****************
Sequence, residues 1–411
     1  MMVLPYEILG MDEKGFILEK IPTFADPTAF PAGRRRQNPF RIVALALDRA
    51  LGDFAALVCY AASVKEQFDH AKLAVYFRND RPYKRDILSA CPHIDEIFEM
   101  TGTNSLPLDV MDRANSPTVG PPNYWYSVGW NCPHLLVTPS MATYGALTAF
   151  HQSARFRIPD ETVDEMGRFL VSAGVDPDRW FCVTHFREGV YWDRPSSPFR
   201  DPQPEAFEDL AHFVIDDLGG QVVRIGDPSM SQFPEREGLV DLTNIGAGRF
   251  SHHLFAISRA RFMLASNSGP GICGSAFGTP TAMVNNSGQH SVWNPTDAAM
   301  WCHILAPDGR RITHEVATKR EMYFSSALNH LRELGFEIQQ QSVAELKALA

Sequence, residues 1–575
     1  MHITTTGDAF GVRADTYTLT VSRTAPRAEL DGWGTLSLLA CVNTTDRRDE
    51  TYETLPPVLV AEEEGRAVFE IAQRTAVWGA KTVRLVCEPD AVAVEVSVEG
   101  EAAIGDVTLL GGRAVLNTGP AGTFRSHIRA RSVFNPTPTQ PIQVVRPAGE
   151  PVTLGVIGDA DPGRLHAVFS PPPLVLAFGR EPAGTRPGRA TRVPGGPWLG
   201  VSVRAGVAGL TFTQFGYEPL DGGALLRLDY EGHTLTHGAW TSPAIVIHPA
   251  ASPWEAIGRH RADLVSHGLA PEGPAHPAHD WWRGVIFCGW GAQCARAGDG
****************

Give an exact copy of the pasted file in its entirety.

Sequence, residues 1–411
     1  MMVLPYEILG MDEKGFILEK IPTFADPTAF PAGRRRQNPF RIVALALDRA
    51  LGDFAALVCY AASVKEQFDH AKLAVYFRND RPYKRDILSA CPHIDEIFEM
   101  TGTNSLPLDV MDRANSPTVG PPNYWYSVGW NCPHLLVTPS MATYGALTAF
   151  HQSARFRIPD ETVDEMGRFL VSAGVDPDRW FCVTHFREGV YWDRPSSPFR
   201  DPQPEAFEDL AHFVIDDLGG QVVRIGDPSM SQFPEREGLV DLTNIGAGRF
   251  SHHLFAISRA RFMLASNSGP GICGSAFGTP TAMVNNSGQH SVWNPTDAAM
   301  WCHILAPDGR RITHEVATKR EMYFSSALNH LRELGFEIQQ QSVAELKALA

Sequence, residues 1–575
     1  MHITTTGDAF GVRADTYTLT VSRTAPRAEL DGWGTLSLLA CVNTTDRRDE
    51  TYETLPPVLV AEEEGRAVFE IAQRTAVWGA KTVRLVCEPD AVAVEVSVEG
   101  EAAIGDVTLL GGRAVLNTGP AGTFRSHIRA RSVFNPTPTQ PIQVVRPAGE
   151  PVTLGVIGDA DPGRLHAVFS PPPLVLAFGR EPAGTRPGRA TRVPGGPWLG
   201  VSVRAGVAGL TFTQFGYEPL DGGALLRLDY EGHTLTHGAW TSPAIVIHPA
   251  ASPWEAIGRH RADLVSHGLA PEGPAHPAHD WWRGVIFCGW GAQCARAGDG